Senate Republicans blocked a key procedural vote to advance the Democrat-backed measure to fund the government and suspend the debt ceiling Monday evening, leaving Democrats scrambling with less than three days to figure out how to avert a shutdown with its deadline looming at the end of the week.
The vote was 48-50, with No Republicans voted in favor of the measure. Sixty votes were needed to break a filibuster to advance the procedural motion. Senate Majority Leader Chuck Schumer (D-NY) switched his vote to “no” in a last-minute procedural move that allows him to call for another vote on the measure at another time.
“I changed my vote from yes to no in order to reserve the option of additional action on the House-passed legislation. Keeping the government open and preventing a default is vital to our country’s future, and we’ll be taking further action to prevent this from happening this week,” Schumer said.
The stopgap measure included funding the government through Dec. 3 and suspend the debt ceiling until Dec 2022. The bill also includes $28.6 billion in disaster aid to address recent hurricanes, wildfires, and other natural disasters and $6.3 billion in funding for Afghan refugees who fled Afghanistan after the Taliban’s rapid takeover last month.
Schumer lambasted Republicans after the vote, saying the GOP had “voted to drive our country straight to a government shutdown and the first default in our country’s history.”
“The Republican default will raise the deficit by more than the American Rescue Plan. Yet Republicans still obstruct it tonight. It’s one of the most reckless, one of the most irresponsible votes I’ve seen taken in the Senate, and it should send a signal to every family, small business, market watcher about who in this chamber is in favor of endangering the economic stability of our country,” Schumer said on the Senate floor.
Democratic leaders haven’t unveiled what their next step will be following the known failed vote. There is no public Plan B at the moment, but sources are telling reporters that Senate Democrats might introduce a standalone bill, ditching consideration of debt ceiling suspension provision, and only address government funding and hurricane relief.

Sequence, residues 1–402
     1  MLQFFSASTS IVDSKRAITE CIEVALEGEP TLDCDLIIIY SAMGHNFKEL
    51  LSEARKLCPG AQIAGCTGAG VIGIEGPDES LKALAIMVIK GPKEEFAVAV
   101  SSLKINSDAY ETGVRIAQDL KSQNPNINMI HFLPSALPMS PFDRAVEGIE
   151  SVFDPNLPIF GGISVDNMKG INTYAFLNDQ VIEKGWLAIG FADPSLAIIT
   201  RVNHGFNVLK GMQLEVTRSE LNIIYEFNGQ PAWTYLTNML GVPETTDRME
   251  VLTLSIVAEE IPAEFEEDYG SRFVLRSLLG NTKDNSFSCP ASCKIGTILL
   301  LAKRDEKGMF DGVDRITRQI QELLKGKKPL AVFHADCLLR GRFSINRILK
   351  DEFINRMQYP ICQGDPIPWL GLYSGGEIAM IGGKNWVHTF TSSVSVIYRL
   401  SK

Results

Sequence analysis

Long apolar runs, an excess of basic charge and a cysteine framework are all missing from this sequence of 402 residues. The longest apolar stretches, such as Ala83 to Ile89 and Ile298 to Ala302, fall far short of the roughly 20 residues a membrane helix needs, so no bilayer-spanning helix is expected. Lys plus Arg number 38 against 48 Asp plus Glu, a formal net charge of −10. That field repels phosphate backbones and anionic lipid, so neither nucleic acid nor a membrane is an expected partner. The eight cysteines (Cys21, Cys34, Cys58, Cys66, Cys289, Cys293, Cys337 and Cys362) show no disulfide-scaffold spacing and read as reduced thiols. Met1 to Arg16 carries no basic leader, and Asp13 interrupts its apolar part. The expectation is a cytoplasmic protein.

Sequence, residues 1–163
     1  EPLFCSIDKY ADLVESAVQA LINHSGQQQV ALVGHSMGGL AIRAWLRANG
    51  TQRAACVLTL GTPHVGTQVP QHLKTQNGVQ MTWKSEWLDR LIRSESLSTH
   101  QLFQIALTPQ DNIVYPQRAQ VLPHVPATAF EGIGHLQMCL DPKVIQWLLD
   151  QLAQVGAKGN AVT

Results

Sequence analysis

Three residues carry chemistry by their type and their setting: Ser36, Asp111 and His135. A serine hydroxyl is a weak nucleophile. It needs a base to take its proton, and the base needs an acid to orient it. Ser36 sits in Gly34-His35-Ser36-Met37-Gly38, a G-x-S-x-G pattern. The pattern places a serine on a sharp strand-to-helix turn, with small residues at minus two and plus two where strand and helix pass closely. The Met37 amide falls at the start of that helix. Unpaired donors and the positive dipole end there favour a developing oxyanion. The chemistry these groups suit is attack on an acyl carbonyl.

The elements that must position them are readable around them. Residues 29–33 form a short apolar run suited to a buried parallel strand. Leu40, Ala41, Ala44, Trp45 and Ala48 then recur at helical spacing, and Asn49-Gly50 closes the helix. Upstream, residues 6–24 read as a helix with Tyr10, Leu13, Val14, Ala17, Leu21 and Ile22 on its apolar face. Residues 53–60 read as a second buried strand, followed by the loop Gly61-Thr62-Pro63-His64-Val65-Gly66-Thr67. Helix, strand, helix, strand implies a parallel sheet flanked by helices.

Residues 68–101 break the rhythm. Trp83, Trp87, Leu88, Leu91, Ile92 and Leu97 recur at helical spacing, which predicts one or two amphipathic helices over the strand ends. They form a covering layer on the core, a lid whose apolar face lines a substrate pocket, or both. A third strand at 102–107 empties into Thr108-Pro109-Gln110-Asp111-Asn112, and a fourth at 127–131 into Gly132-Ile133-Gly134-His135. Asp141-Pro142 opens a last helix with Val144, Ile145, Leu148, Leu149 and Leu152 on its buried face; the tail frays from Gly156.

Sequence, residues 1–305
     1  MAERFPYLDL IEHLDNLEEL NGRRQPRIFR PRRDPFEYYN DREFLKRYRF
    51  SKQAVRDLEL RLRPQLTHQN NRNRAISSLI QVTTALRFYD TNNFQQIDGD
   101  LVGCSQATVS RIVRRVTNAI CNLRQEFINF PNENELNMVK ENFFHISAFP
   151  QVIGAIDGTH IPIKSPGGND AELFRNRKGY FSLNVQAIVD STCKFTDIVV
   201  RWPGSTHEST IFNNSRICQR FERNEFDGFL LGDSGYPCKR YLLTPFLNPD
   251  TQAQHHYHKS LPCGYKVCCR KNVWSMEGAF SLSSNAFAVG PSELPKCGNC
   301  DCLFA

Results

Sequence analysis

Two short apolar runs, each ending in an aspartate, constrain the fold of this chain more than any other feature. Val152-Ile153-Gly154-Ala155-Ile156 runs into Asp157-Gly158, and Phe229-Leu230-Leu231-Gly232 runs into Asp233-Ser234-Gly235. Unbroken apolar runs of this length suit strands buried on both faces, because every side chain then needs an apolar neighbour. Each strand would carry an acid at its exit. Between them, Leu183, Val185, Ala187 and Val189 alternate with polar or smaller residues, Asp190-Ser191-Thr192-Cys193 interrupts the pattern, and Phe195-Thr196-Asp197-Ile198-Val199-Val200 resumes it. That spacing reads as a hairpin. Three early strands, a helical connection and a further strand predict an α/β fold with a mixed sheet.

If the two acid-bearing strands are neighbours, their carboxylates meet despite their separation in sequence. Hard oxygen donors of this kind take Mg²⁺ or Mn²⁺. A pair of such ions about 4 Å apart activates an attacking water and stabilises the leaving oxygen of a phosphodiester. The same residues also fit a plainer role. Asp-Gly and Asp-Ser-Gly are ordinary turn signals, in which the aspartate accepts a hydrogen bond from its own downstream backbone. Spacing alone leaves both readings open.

Congress has until the end of Thursday to approve funding for the government or trigger a shutdown starting Friday morning. Meanwhile, the Treasury Department has also warned that the federal government borrowing limit is set to expire in mid-October.
Treasury Secretary Janet Yellen raised the alarm Monday, stating that any inaction from Congress in not raising the debt ceiling within the next few days will risk seeing the U.S. defaulting on its debt for the first time in history, potentially destabilizing global markets and triggering an “economic catastrophe.”
According to a forecast released Friday by the bipartisan policy center, the U.S. is on track to default on the national debt between Oct. 15 and Nov. 4 if Congress cannot raise the federal debt ceiling.
Senate Minority Leader Mitch McConnell (R-KY) has warned that Republicans are staunchly opposed to any measure of hiking the debt limit, arguing the issue should be resolved within the majority party — meaning they could add a bill to raise the debt limit within the reconciliation. Democrats are refusing to do this provision solo, declaring they won’t set a precedent in which only one party is responsible for paying the country’s debt bills that were racked up amongst both parties.
McConnell, prior to the vote, pushed for a government funding standalone bill to strip the debt ceiling provision, but Democratic lawmakers blocked that initiative.
“We will support a clean continuing resolution that will prevent a government shutdown,” McConnell said Monday afternoon on the Senate floor. “As we speak, Democrats are behind closed doors assembling a multi-trillion dollar reckless taxing and spending spree. There’s no chance Republicans will help lift Democrats’ credit limit so they can immediately steamroll through a socialist binge that will hurt families and help China.”
Sen. John Kennedy (R-LA) slammed Schumer for attaching the debt ceiling to the government funding measure, which includes majorly needed aid for states recently hit hard by natural disasters, such as Lousiana from Hurricane Ida.
“Sen. McConnell’s legislation does everything except one thing, increasing the debt ceiling, that Sen. Schumer can do in a matter of days on his own. Why are we fighting over this? Nature abhors a moron. It is moronic for us to be having this fight when it can be so easily solved,” Kennedy said.